Culture and Language Learning in Real Time
Location: Santiago, Dominican Republic
Dates: January 3 - 23, 2014 (ADMISSIONS ARE NOW CLOSED FOR 2014)
In this course students will gain a better understanding of themselves and others as we explore how values, norms, and ways of thinking and interpreting the world are shaped by cultural experiences. Because the course is offered overseas, students will experience first hand the language and culture of another country while negotiating intercultural perspectives. Students will take a Spanish placement test at host institution, Pontificia Universidad Catolica Madre y Maestra, and earn 1 undergraduate credit of Spanish from PUCMM.
- To achieve a deeper understanding of what culture is and the relationship between culture and language.
- To acquire the ability to observe behaviors in order to draw conclusions based on observation rather than preconceptions.
- To understand culture membership, enculturation, and the process of becoming socialized into one’s culture and subcultures.
- To become acquainted with relevant research on culture and cultural behaviors, expectations, values, and norms.
- To appreciate how culture serves as a filter that prompts the meanings that members of the culture assign to social roles, contexts, and communicative behaviors and how they perceive, interpret, react, or are affected by these.
There will be a post-program class scheduled, date to be determined.
No previous knowledge of Spanish is required in order to apply for this program. However, if you are admitted to the program, you will be required to take a one-credit undergraduate level Spanish class offered by the host university in the Dominican Republic in addition to the NYU course. The cost of this course is included in the housing/activity fee. The purpose of taking the Spanish class is two-fold: (1) to put you in the position of a language learner, so you build empathy for the struggles of second/foreign language learners in classrooms and other settings; (2) to deepen understanding of the link between language and culture.
This course is being offered through the Department of Teaching and Learning. Students choose one of the following two courses:
LANED-GE 2005 Section 095 (Class number 3146) - Intercultural Perspectives in Multilingual & Multicultural Education (3 Points) - 2014 Syllabus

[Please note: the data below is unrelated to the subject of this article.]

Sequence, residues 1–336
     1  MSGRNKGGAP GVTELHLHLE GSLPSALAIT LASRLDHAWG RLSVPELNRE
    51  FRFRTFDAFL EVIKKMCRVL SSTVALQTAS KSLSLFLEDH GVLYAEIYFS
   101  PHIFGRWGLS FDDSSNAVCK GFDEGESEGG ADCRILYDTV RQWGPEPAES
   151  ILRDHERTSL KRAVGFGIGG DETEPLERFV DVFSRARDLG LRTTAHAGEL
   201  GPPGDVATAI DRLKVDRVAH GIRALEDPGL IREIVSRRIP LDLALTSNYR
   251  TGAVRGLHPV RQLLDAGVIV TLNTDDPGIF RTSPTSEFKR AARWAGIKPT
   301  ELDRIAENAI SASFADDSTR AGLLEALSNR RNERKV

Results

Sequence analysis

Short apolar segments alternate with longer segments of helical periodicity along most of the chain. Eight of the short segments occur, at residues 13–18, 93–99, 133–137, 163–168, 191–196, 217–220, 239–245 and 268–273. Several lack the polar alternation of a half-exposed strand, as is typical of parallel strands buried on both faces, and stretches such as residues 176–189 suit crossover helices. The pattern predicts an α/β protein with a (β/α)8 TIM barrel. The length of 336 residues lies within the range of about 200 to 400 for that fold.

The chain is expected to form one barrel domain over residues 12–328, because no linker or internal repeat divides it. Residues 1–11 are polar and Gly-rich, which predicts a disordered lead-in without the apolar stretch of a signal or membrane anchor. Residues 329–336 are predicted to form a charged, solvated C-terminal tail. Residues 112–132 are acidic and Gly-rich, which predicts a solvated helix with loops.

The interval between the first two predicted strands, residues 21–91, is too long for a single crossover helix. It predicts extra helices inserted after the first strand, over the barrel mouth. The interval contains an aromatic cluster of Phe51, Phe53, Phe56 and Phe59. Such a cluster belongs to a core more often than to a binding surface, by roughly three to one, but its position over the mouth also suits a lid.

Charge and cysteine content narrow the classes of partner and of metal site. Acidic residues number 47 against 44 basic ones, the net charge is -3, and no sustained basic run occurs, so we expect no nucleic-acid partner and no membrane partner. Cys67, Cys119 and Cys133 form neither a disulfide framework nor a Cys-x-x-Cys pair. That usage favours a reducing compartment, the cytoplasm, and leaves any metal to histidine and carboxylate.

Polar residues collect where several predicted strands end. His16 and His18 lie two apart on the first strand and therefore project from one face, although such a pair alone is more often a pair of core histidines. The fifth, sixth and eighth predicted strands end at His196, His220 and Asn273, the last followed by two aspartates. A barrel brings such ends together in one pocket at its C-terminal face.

Shondel Nero, Associate Professor of Teaching and Learning
Students stay with host families in Santiago, Dominican Republic. Your accommodation arrangements are included in your Housing and Activity Fees.
Group accommodation dates correspond with the program dates listed above.
The university in the Dominican Republic which recruits the host families requires the following materials be submitted in advance from each student. More details will be provided at orientation. Required materials are:
- NYU Health Certificate
- Two 2 x 2 photos
2014 Graduate Tuition: $1,422 per point plus registration and services fees.
This course counts toward your Spring 2014 courseload and tuition.
2014 Housing Fee: $600
2014 Activity Fee: $200
The final payment for Housing and Activity Fees is due to the Office of Academic Initiatives and Global Programs on November 20, 2013. This fee also includes the cost of the Spanish class taken at the host institution for 1 undergraduate credit. Students will only register for E29.2005 on Albert. Tuition for the course is separate and will be due based on the Bursar's Payment Schedule for Spring 2014. (click here for Bursar's Payment Deadline Dates)
Flight: Students book their own travel to coincide with program dates. Students should expect to arrive on Friday, January 3rd with a departure of no earlier than Thursday, January 23rd.
Passport: Valid passport required for US citizens. Please note that passport must have at least six months validation beyond the day of the intended entry into the country of travel.
Visa: Visitors who do not obtain a Dominican visa prior to entry mustpurchase a tourist card upon arrival to enter the country. Tourist cards cost ten U.S. dollars, which must be paid in U.S. currency. Tourist cards may be purchased at the Dominican Embassy in Washington or Dominican Consulates prior to arrival, as well as at Dominican airports at the time of entry. Tourist cards normally permit a legal stay of up to 60 days. Visitors who would like to extend their time inthe Dominican Republic should visit the Migration Department in Santo Domingo and request an extension. Failure to request an extension will subject the visitor to a surcharge at the airport upon departure. All other passport holders should check with theirrespective visa requirements.
Temperatures during January in the Dominican Republic range from an average low of 66ºF to an average high of 84ºF.
Helpful links: BBC Weather
For More Information
Academic Content: Shondel Nero, PhD, Associate Professor of Education, Department of Teaching and Learning, The Steinhardt School of Culture, Education, and Human Development, New York University; (212) 998-5757; email@example.com
Program Administration: Office of Academic Initiatives and Global Programs, The Steinhardt School of Culture, Education, and Human Development, New York University, 82 Washington Square East, 5th Floor, New York, NY10003-6680; (212) 992-9380; firstname.lastname@example.org